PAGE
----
Building the Igor CLI with Click

This summer, I am building an IPMI management console for the OSUOSL. IPMI is the interface implemented by special hardware that lets you command a machine over a network as long as it is plugged in, even if the machine is powered off or refuses to boot an OS. If you have ever had ops engineers rebooting a bricked datacenter server with a magic console, you have seen IPMI.

There are some requirements to working with IPMI: you need to have commands such as ipmitool available on your OS, and you need to know the IPMI credentials for the machine you want to access. If your datacenter machine has many IPMI users, or if they would like access via smartphones and web browsers, you quickly hit some limitations. Sharing the single IPMI username and password for the machine with all your users is a bad idea. Additionally, ipmitool equivalents for mobile OS’s are few and brittle.

I planned to address this with the following scheme: implement a REST API that calls ipmitool commands, and then have very thin CLI, web GUI and Android clients that consume this REST API. These thin clients interface with the REST API to manage users, machines and user-machine permissions in addition to actually performing the IPMI operations.

Here I discuss the CLI design and implementation with a recent Python CLI framework called Click, by Armin Ronacher of Flask, Werkzeug and itsdangerous fame. While it may seem like a natural choice once you are done reading this post, note that I had to throw away a bunch of code after a false start with a different but way more popular CLI framework. Before I get into that, let us look at some of the goals I had for the CLI.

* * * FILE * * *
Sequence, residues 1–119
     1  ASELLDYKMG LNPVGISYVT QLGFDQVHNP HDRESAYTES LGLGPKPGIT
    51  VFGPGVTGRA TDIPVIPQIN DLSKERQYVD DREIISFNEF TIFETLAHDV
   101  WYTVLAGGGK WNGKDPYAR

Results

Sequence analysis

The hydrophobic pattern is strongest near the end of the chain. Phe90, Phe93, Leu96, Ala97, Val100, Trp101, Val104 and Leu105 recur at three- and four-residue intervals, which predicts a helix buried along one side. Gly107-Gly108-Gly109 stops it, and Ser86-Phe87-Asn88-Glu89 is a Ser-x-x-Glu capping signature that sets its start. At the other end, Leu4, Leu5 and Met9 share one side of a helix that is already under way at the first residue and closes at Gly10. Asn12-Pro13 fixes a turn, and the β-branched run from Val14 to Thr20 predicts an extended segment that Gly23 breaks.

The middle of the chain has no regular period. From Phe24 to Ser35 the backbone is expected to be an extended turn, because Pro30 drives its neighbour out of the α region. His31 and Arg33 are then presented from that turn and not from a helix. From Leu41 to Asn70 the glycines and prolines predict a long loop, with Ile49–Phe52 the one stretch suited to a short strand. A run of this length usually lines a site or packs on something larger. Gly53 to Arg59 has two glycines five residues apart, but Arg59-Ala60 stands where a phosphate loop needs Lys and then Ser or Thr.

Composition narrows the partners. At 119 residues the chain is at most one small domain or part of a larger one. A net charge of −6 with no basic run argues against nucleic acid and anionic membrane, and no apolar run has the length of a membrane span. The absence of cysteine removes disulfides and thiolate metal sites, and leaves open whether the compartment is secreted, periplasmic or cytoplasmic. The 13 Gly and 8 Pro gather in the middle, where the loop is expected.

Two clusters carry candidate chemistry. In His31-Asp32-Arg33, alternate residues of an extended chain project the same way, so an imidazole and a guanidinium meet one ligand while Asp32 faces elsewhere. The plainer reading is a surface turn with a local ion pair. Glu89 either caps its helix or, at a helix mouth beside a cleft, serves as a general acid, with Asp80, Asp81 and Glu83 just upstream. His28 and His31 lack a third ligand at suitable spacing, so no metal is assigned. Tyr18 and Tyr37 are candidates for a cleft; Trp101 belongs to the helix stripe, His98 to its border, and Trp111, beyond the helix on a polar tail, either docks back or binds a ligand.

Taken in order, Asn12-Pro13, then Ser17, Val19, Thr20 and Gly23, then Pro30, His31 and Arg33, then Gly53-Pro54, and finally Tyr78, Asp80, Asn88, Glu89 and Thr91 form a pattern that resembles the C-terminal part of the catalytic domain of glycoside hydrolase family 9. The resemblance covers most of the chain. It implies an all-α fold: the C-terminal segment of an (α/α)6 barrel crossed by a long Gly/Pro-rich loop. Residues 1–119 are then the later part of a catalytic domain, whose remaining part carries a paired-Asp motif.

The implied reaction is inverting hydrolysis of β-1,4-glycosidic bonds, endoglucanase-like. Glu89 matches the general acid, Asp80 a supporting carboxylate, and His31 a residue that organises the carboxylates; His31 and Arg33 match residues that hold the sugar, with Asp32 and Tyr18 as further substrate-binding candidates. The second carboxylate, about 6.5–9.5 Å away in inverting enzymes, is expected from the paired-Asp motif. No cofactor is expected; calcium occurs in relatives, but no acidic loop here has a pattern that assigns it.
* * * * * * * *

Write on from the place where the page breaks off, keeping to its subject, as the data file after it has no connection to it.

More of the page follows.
Hierarchical Commands

If you have used the heroku CLI, you already know what this means. Since a termshow is worth a thousand man-pages, here is one below:

The workflow above shows a new Igor user who wants to view the available machines. She knows nothing about Igor, and begins by typing in the command itself. She then navigates to the machines command and finds the list subcommand, and is then directed towards authorizing herself with the auth command and finally viewing the list of machines.

This demonstrates some important features that I wanted Igor to have.

Explorability. Nobody likes reading a monochrome wall of text that is the typical manpage. A sensible, simple hierarchy with up-to-date documentation and helpful error messages is enough for the average user to navigate the average CLI, just like how you would explore a new website. An added bonus would be friendly and forgiving prompts for when the user forgets to provide any required options.

Extensibility. APIs change constantly. Updating your CLI to match a new API endpoint should not require touching too many files. Ideally, you would just add a single new Python module for a new command that also contains all its subcommands, and have everything else in the hierarchy fall into place.

DRYness. Subcommands may share the need for certain data that could be handled by their common parent instead of in each of them individually. A common case is having a --verbose option: instead of being parsed by every subcommand, have the root command parse and store this in a configuration object that is available to all subcommands.